Leader of the New Democracy conservative party, Antonis Samaras (L) meets with Democratic Left party leader, Fotis Kouvelis at the Greek parliament, in Athens
Greece on Wednesday was close to forming a coalition to revise an unpopular EU-IMF bailout deal and pull the country out of a harrowing recession that has doomed its economic recovery efforts.
After two months of inertia and two elections within six weeks, the struggling eurozone member badly needs to get back on track with reforms promised for an international bailout that has kept it alive these past two years, reports AFP.
Greece also needs representation at a European summit on June 28, and must resume contact with international auditors to restore the flow of loans that was suspended ahead of the election.
New Democracy leader, Antonis Samaras, the winner of Sunday's elections, has been holding talks with the socialist Pasok and the small Democratic Left party under intense pressure from financial markets and world powers to act swiftly.
Pasok leader, Evangelos Venizelos said following talks on Tuesday that a coalition agreement was possible "by midday tomorrow" -- just hours before a deadline for conservative New Democracy to form a coalition runs out.
Democratic Left leader, Fotis Kouvelis then said his party would give the government a vote of confidence without actually joining the cabinet.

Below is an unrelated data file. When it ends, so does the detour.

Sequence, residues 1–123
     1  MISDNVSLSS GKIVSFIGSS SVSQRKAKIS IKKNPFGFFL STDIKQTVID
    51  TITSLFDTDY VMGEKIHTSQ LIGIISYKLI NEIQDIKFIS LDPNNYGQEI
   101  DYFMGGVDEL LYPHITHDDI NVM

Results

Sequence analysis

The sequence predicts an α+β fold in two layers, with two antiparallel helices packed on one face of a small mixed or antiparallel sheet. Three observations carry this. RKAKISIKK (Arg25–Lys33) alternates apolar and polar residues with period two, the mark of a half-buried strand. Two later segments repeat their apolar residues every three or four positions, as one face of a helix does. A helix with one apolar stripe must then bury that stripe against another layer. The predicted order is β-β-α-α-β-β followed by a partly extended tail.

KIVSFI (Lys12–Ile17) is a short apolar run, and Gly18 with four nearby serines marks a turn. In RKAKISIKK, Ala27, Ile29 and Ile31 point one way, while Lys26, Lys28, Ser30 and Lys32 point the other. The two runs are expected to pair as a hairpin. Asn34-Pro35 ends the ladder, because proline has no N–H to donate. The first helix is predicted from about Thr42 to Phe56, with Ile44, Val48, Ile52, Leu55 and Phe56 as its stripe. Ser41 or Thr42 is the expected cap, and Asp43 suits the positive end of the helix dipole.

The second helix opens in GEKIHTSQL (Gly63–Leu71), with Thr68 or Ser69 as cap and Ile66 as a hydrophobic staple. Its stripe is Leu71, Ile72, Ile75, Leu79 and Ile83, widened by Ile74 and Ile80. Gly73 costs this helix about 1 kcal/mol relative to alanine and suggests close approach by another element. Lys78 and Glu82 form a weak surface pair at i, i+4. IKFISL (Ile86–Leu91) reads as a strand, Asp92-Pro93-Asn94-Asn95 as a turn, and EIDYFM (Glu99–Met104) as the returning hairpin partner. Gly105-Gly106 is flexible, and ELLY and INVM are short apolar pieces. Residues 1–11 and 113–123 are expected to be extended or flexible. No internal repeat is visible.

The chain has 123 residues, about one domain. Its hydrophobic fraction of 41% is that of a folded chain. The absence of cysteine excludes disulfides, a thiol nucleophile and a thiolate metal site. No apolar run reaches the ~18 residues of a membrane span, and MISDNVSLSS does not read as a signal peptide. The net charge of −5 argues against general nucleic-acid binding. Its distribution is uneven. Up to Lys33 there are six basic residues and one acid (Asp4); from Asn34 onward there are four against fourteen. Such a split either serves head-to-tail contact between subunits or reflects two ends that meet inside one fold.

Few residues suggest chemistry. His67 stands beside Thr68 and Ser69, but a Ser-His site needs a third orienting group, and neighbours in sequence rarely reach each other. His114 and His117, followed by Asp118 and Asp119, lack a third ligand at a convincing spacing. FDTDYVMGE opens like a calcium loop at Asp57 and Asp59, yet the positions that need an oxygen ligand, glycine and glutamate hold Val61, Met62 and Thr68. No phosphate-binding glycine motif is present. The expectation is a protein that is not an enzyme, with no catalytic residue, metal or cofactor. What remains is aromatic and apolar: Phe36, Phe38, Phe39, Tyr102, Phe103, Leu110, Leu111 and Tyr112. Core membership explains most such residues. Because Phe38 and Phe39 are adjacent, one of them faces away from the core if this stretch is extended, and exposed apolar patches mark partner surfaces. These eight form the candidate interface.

Samaras, 61, a US-educated former foreign minister, is to be prime minister, Greek media reported, saying there had been a deal between the parties.
Venizelos' Pasok party meets on Wednesday to decide whether to contribute lawmakers or socialist-affiliated technocrats to the government.
And officials from the three parties were to meet again at 1000 GMT to hammer out a common policy statement after a first discussion on Tuesday that went on for nearly six hours.
Samaras' mandate to form a government expires on Wednesday.
The key issue was "not the composition of the government but the national negotiation team that will aim for the best possible renegotiation of the loan agreement" to fight recession and unemployment, Venizelos said.
But the consent of the country's creditors is far from guaranteed.
IMF chief, Christine Lagarde starkly noted over the weekend that the global lender was not entirely sure what Greece has been doing with its recovery programme over the last two months.
"We do not really know what has been implemented, what has been respected or not in the last six or eight weeks," she told France's Liberation daily.
European Union leaders and the International Monetary Fund say an extension of a key deficit deadline is possible but the content cannot be changed and have suspended the multi-billion euro loans until the political situation is clear.